This is especially ironic in light of the national surveillance scandal, which arises out of our officials’ unwillingness to face the reality of Islamic jihad. Because they all agree that Islam is a religion of peace, they can’t possibly address where the threat is really coming from, and monitor mosques or subject Muslims with Islamic supremacist ties to greater surveillance. Instead, they have to pretend that anyone and everyone is a potential terrorist, and surveil everyone. Our freedoms and privacy are now at risk because of our refusal to admit the truth about Islam.
This program was one of the only ones that was a bit more realistic, focused on the group from which the threat was likely to come — had there been such a program involving Boston-area mosques, the Marathon jihad bombings might have been prevented. That the indefatigable dhimmi Bloomberg would defend these programs is an indication of how legal and non-intrusive they really were. The objective of suits like this one is to challenge any and every counter-terror measure except those that retail politically correct fictions about Islam and focus scrutiny more on “right-wing extremists” than on jihadis. And the goal is to clear away all obstacles to jihadis so that they can advance unimpeded. “Civil rights groups sue NYC mayor and top cop over post-9/11 Muslim surveillance programs,” from the Associated Press, June 18 (thanks to Kenneth):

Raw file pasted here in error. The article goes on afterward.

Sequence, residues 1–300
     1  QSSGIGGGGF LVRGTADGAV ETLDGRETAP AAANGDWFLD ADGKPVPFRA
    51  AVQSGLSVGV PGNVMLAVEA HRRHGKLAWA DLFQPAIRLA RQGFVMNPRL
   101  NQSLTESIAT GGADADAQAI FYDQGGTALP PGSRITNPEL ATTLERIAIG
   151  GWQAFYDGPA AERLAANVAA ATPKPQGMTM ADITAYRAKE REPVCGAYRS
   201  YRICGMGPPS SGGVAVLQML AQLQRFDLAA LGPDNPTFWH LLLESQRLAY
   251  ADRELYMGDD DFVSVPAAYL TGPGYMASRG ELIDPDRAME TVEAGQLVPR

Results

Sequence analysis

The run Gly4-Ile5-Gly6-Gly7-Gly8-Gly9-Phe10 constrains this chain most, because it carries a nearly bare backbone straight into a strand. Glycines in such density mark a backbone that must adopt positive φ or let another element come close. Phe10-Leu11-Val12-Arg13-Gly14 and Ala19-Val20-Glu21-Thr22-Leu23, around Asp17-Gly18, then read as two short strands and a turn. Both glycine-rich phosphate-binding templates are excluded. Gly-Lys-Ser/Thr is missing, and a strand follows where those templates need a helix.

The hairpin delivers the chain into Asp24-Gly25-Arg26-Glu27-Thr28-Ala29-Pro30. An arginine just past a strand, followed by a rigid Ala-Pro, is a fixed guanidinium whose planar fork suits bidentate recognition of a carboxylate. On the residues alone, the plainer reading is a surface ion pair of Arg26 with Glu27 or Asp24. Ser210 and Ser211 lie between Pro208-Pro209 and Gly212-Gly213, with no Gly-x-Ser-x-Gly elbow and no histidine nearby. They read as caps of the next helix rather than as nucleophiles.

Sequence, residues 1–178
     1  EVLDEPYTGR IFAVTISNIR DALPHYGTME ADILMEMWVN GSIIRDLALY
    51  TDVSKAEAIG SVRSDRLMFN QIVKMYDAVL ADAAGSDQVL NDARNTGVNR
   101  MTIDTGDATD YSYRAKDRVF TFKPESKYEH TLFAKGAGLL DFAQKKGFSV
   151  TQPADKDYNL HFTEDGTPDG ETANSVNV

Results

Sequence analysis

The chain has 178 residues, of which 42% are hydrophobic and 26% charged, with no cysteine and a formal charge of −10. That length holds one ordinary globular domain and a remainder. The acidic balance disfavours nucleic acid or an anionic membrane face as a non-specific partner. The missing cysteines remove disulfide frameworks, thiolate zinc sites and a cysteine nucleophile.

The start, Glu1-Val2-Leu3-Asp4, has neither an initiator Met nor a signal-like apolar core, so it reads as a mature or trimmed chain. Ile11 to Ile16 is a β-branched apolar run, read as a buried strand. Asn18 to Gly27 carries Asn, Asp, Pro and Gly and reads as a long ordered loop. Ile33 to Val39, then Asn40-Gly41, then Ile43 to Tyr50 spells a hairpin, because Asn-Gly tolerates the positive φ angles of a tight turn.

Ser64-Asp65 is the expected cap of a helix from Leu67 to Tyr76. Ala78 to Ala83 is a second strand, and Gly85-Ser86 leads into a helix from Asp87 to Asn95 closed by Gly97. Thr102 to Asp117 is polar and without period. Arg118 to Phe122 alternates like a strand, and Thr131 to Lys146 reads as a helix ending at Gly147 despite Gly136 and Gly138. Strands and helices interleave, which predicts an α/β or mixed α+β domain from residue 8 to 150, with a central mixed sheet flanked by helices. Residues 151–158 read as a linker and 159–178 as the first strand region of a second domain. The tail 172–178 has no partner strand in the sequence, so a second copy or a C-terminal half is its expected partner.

WASHINGTON — Civil rights lawyers say they plan to ask a federal judge to declare the New York Police Department’s spying programs directed at Muslims to be unconstitutional, and to order police to stop their surveillance and destroy any records in police files.
In a lawsuit being filed Tuesday, the lawyers say the spying has hindered residents from freely practicing their religion. It is the third significant legal action filed against the NYPD Muslim surveillance program since details of the spy program were revealed in a series of Associated Press reports in 2011 and 2012.
The lawsuit says Muslim religious leaders in New York have modified their sermons and other behavior to not draw additional police attention.
The NYPD did not immediately respond to a phone call and email asking for comment.